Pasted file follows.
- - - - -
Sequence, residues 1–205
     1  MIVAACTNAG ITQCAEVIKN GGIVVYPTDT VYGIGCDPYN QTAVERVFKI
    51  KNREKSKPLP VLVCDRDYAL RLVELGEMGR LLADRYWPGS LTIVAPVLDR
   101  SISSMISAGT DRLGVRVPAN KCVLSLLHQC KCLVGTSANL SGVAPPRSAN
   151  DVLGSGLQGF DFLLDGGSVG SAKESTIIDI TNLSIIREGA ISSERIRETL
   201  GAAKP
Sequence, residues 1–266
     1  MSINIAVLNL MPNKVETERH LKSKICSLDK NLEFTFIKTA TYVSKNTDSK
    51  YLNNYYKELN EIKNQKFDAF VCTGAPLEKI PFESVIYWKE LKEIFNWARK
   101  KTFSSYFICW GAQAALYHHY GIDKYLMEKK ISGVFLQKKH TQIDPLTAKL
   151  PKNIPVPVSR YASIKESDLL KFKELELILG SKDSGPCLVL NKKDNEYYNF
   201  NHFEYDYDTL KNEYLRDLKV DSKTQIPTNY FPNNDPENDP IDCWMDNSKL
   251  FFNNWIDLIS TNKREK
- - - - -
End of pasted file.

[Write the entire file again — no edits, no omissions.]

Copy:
Sequence, residues 1–205
     1  MIVAACTNAG ITQCAEVIKN GGIVVYPTDT VYGIGCDPYN QTAVERVFKI
    51  KNREKSKPLP VLVCDRDYAL RLVELGEMGR LLADRYWPGS LTIVAPVLDR
   101  SISSMISAGT DRLGVRVPAN KCVLSLLHQC KCLVGTSANL SGVAPPRSAN
   151  DVLGSGLQGF DFLLDGGSVG SAKESTIIDI TNLSIIREGA ISSERIRETL
   201  GAAKP
Sequence, residues 1–266
     1  MSINIAVLNL MPNKVETERH LKSKICSLDK NLEFTFIKTA TYVSKNTDSK
    51  YLNNYYKELN EIKNQKFDAF VCTGAPLEKI PFESVIYWKE LKEIFNWARK
   101  KTFSSYFICW GAQAALYHHY GIDKYLMEKK ISGVFLQKKH TQIDPLTAKL
   151  PKNIPVPVSR YASIKESDLL KFKELELILG SKDSGPCLVL NKKDNEYYNF
   201  NHFEYDYDTL KNEYLRDLKV DSKTQIPTNY FPNNDPENDP IDCWMDNSKL
   251  FFNNWIDLIS TNKREK